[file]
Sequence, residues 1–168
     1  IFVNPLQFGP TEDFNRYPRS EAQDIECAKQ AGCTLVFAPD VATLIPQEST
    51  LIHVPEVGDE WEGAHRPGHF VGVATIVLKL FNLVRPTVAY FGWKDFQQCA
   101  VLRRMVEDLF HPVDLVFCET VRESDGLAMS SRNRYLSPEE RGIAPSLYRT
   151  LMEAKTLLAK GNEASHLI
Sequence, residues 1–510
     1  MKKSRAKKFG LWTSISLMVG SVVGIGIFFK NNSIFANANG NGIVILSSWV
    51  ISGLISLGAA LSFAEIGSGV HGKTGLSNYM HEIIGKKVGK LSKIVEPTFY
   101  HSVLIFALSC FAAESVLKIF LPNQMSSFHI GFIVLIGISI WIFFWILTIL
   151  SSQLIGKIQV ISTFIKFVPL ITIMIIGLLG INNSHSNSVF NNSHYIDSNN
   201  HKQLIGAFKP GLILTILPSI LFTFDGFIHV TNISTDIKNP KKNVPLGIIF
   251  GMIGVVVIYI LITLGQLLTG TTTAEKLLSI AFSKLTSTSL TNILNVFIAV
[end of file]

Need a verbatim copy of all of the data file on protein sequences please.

Sequence, residues 1–168
     1  IFVNPLQFGP TEDFNRYPRS EAQDIECAKQ AGCTLVFAPD VATLIPQEST
    51  LIHVPEVGDE WEGAHRPGHF VGVATIVLKL FNLVRPTVAY FGWKDFQQCA
   101  VLRRMVEDLF HPVDLVFCET VRESDGLAMS SRNRYLSPEE RGIAPSLYRT
   151  LMEAKTLLAK GNEASHLI
Sequence, residues 1–510
     1  MKKSRAKKFG LWTSISLMVG SVVGIGIFFK NNSIFANANG NGIVILSSWV
    51  ISGLISLGAA LSFAEIGSGV HGKTGLSNYM HEIIGKKVGK LSKIVEPTFY
   101  HSVLIFALSC FAAESVLKIF LPNQMSSFHI GFIVLIGISI WIFFWILTIL
   151  SSQLIGKIQV ISTFIKFVPL ITIMIIGLLG INNSHSNSVF NNSHYIDSNN
   201  HKQLIGAFKP GLILTILPSI LFTFDGFIHV TNISTDIKNP KKNVPLGIIF
   251  GMIGVVVIYI LITLGQLLTG TTTAEKLLSI AFSKLTSTSL TNILNVFIAV